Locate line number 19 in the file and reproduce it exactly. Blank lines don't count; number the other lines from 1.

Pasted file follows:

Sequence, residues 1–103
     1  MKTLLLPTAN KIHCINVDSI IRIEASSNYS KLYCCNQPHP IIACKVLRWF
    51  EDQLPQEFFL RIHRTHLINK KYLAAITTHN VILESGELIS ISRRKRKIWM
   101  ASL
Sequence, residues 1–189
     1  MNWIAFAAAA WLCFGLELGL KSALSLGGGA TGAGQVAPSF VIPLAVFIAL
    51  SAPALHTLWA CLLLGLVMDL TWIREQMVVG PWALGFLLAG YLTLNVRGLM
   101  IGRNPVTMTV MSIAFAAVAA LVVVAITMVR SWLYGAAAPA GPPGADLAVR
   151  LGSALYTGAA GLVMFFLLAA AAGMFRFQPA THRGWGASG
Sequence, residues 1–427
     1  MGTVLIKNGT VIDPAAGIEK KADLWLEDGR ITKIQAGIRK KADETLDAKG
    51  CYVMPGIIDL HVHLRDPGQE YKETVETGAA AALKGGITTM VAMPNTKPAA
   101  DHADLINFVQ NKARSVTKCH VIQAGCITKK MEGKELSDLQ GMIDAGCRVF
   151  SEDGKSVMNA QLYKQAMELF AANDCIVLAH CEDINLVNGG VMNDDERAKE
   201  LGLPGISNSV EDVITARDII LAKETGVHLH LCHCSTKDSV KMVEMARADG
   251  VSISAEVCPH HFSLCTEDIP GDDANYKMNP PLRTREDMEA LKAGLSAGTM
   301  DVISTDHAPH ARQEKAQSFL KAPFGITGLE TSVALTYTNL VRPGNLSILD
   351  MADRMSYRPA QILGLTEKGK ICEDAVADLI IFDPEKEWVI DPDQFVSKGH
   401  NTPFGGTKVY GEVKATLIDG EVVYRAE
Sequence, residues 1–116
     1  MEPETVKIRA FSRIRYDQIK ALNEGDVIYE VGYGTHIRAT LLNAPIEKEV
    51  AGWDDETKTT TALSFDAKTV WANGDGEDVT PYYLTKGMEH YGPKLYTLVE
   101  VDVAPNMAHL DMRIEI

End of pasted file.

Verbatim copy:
   401  NTPFGGTKVY GEVKATLIDG EVVYRAE